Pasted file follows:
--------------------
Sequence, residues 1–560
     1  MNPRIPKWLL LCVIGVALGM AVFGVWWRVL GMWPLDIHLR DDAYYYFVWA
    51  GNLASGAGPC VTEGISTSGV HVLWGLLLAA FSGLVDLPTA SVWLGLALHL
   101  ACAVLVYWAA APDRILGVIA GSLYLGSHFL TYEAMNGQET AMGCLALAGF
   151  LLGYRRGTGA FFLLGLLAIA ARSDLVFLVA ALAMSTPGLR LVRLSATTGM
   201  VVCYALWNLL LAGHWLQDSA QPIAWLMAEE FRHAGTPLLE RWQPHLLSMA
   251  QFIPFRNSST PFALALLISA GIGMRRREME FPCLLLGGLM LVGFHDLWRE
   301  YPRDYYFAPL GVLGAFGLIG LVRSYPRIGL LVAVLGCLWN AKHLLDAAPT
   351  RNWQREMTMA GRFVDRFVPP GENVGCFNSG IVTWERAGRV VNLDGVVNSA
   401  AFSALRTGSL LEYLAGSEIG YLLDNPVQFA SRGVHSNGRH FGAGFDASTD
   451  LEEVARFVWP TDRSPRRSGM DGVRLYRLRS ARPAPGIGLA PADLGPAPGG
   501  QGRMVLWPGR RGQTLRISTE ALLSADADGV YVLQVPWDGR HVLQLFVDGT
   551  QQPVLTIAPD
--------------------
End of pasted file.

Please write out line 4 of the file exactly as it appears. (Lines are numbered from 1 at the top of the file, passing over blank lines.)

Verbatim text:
   101  ACAVLVYWAA APDRILGVIA GSLYLGSHFL TYEAMNGQET AMGCLALAGF